In 2011, I was working at a media agency in San Francisco, developing an e-commerce application in PHP. I was the sole, "lead" developer and all of the code had been written by the agency's resourceful creative director. I needed to add some new features to the platform, like product reviews, payment system improvements, product variations, and who knows, even a public API? This was really "learning by doing," one of the many aspects of progressive education that we promote at the CTL. I used MediaWiki's API to learn about how APIs work in web applications, including related themes like rate limits, data formats, authentication, etc. I put together an over-engineered API in our PHP application (called QubixCart) that never actually saw any use, but the process was fun and educational.
Seven years later, I've found a reason to actually use MediaWiki's API. You can use it to make a lightweight text archive of parts of your wiki. I've made this mediawiki-export script to get a tree of text files from your wiki, based on a list of categories.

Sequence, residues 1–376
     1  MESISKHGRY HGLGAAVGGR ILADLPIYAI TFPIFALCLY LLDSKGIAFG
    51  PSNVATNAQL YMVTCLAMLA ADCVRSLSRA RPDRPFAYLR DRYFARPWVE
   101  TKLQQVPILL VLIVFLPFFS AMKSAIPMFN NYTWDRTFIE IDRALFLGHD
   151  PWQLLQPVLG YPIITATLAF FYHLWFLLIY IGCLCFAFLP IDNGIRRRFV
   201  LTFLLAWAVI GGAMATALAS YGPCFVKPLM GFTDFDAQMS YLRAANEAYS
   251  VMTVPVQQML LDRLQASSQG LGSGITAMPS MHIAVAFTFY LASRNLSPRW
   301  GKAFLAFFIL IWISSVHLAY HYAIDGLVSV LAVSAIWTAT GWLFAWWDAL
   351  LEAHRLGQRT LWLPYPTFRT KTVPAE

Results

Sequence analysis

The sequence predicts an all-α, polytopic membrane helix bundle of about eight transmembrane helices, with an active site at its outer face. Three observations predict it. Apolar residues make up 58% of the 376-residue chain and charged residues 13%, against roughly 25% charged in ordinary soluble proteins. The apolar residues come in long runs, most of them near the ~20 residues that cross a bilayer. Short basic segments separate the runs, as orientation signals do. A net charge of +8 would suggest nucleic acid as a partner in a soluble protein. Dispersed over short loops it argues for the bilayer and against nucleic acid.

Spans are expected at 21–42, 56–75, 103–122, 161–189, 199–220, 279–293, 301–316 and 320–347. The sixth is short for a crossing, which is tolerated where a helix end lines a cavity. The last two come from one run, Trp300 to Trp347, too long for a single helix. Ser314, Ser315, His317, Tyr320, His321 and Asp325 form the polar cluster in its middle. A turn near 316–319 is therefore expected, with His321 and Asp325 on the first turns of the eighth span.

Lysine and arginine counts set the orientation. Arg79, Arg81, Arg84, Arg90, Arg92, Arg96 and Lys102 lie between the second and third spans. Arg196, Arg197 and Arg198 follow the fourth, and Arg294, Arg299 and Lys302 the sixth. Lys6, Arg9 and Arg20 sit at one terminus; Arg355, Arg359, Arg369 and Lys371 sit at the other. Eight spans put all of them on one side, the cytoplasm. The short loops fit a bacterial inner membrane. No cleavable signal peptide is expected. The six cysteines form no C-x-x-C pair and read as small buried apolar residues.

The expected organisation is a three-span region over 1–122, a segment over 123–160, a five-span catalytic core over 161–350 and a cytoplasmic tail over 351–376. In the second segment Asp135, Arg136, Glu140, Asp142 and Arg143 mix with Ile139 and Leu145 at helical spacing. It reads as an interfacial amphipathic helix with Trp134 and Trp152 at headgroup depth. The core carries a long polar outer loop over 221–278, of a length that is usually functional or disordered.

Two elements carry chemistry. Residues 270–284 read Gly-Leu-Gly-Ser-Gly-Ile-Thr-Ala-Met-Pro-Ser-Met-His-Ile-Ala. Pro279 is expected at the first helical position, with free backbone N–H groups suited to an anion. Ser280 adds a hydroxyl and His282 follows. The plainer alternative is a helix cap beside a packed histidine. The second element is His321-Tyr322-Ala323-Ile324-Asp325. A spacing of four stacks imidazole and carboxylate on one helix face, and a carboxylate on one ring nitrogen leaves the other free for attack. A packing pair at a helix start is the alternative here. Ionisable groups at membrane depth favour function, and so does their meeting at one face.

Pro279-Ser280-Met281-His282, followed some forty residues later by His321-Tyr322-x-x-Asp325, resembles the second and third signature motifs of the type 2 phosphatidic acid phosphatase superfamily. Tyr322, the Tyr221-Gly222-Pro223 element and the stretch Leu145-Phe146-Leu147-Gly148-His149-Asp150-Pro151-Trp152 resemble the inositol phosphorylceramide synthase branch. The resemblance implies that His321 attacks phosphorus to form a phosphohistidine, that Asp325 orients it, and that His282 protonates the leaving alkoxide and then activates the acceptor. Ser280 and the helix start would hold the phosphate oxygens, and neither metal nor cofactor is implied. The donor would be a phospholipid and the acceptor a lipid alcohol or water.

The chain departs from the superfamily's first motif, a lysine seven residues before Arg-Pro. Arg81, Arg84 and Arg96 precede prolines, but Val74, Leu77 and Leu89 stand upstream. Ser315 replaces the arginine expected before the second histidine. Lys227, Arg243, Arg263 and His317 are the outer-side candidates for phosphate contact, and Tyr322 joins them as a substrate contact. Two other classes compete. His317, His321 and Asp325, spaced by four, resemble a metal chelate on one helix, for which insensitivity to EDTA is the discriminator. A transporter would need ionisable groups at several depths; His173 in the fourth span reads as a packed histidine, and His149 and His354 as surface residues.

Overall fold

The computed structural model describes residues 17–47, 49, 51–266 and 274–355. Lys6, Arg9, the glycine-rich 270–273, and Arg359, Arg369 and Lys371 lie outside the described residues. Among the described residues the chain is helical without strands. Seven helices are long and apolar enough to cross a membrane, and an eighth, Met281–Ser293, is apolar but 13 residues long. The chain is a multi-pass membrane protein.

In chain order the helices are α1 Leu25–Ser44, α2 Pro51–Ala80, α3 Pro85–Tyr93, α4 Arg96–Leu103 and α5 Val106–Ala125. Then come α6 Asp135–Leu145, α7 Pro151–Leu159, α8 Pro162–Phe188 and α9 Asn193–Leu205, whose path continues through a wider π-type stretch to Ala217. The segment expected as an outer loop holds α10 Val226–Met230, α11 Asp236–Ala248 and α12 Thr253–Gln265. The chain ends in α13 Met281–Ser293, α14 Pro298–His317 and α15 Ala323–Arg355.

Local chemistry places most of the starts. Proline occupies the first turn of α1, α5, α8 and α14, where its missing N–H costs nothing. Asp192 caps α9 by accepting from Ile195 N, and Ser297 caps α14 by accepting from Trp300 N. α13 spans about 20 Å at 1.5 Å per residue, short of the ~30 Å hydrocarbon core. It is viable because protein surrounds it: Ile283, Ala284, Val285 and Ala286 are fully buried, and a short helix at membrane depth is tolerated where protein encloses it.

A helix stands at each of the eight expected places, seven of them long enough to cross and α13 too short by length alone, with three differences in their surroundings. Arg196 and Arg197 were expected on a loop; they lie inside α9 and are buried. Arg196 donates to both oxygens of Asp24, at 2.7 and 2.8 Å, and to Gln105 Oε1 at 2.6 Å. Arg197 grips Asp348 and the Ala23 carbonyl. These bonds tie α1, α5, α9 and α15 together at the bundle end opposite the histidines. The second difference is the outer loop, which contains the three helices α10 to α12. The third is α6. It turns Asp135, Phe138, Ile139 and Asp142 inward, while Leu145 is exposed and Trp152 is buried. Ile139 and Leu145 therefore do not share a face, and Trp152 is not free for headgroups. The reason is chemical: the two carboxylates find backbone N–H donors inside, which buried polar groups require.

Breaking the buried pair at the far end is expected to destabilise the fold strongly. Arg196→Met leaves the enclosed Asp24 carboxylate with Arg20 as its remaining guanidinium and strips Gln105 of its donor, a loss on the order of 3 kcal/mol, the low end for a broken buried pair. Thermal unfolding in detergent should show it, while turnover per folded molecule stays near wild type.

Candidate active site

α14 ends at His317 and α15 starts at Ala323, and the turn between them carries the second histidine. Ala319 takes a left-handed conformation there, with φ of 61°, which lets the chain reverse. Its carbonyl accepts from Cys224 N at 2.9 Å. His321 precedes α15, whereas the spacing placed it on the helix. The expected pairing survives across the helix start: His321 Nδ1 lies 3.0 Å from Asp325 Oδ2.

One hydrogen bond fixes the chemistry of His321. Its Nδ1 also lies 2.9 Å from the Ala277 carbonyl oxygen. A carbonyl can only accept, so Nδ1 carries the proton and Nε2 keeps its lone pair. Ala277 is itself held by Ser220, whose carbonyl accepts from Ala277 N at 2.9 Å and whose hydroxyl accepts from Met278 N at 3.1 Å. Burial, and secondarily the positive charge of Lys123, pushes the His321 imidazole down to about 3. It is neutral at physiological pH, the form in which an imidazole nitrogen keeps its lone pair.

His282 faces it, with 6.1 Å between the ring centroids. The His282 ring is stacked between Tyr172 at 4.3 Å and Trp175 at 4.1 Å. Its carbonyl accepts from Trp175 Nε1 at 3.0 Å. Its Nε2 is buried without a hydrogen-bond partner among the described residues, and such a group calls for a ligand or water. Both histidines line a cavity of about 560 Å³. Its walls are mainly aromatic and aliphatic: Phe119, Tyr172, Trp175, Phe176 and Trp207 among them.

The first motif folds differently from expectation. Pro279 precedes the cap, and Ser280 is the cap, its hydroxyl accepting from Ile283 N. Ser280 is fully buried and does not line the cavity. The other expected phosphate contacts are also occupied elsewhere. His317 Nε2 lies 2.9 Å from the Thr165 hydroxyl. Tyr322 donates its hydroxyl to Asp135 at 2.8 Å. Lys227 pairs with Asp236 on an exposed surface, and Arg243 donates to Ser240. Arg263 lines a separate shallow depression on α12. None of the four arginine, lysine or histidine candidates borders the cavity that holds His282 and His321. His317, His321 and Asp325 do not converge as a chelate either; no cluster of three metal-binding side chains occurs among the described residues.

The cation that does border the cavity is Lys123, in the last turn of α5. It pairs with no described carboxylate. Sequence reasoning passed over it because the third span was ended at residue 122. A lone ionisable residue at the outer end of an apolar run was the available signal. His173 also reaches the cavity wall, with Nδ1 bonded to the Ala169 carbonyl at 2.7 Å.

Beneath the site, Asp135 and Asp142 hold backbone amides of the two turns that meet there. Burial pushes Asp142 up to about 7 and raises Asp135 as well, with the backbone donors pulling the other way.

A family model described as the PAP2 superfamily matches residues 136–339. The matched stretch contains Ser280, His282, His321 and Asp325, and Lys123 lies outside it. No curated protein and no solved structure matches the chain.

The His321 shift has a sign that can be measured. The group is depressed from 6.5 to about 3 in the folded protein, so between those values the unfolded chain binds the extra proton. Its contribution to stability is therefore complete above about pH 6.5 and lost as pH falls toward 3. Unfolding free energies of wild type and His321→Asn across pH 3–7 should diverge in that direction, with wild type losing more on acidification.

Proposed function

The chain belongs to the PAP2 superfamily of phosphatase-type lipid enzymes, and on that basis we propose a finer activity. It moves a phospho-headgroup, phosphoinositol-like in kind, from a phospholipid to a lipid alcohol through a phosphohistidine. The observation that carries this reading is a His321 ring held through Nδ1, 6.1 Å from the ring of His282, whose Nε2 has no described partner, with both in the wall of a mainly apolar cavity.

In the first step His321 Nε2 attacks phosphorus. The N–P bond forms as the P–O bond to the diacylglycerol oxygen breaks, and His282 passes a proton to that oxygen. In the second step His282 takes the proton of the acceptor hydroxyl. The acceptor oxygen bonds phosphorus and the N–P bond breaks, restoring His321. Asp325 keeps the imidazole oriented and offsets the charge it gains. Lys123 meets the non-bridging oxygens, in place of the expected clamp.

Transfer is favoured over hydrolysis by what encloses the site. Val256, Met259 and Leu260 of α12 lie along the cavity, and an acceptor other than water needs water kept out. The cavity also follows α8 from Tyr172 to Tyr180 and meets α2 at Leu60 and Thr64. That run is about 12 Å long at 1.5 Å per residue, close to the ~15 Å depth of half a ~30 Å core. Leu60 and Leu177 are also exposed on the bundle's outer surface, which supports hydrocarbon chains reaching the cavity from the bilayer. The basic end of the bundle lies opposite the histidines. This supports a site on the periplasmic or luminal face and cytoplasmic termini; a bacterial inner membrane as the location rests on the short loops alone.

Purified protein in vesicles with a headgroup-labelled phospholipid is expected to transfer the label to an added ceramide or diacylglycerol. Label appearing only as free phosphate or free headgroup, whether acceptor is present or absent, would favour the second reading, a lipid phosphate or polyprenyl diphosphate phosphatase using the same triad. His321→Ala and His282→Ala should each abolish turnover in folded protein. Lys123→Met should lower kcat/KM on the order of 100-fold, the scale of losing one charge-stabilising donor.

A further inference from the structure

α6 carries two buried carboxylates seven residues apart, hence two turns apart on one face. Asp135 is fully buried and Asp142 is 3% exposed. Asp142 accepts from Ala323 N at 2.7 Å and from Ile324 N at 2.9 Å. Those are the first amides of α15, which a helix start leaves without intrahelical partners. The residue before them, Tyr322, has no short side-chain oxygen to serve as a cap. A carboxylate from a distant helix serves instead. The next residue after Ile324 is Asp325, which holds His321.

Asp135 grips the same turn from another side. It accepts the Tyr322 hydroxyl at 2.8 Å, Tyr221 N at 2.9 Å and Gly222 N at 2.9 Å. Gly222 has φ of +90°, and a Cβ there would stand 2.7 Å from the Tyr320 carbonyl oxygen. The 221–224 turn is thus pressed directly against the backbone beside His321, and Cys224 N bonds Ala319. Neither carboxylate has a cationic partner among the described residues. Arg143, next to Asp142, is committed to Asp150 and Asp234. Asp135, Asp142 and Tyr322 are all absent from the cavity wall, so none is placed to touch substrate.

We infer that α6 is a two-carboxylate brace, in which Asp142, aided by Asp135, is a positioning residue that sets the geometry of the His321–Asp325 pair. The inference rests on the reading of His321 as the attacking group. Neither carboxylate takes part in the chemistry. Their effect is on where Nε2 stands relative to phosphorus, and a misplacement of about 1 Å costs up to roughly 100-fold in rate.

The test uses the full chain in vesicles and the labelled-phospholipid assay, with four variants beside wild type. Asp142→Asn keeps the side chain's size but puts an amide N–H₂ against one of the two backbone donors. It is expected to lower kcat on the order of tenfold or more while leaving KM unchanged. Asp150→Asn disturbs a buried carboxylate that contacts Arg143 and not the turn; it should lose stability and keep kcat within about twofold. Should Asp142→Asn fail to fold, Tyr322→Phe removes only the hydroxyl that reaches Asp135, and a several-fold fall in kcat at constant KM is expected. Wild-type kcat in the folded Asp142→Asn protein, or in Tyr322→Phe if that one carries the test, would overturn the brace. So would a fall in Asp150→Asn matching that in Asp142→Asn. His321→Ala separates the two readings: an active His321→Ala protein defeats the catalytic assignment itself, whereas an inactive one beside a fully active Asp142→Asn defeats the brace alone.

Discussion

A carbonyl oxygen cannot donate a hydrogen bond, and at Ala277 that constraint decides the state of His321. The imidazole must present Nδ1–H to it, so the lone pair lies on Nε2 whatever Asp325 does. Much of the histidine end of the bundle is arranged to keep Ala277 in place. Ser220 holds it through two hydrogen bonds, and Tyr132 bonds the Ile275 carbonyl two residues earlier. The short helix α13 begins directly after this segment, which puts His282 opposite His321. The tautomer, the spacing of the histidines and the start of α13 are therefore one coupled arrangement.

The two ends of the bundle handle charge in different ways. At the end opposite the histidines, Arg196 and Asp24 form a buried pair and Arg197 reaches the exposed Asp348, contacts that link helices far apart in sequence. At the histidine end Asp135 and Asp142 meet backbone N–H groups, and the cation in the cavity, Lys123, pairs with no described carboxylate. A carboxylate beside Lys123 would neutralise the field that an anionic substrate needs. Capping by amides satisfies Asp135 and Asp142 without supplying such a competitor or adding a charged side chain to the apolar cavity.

MediaWiki's API was designed a while ago, and doesn't look
or act like the more user-friendly APIs that have since
been developed at sites like Twitter and GitHub. To find
out the details of the requests I needed, I used
API Sandbox - pretty much a trial-and-error process
until I got data that looked right, then parameterized
this and put it in my
Finally, if your wiki is private, you'll have to take that
into account when running
wiki-export.py. Here are
two options you have:
- Set up oAuth authentication in
mediawiki-export.pyon the same server as your wiki, and authenticate by whitelisting localhost via the NetworkAuth extension.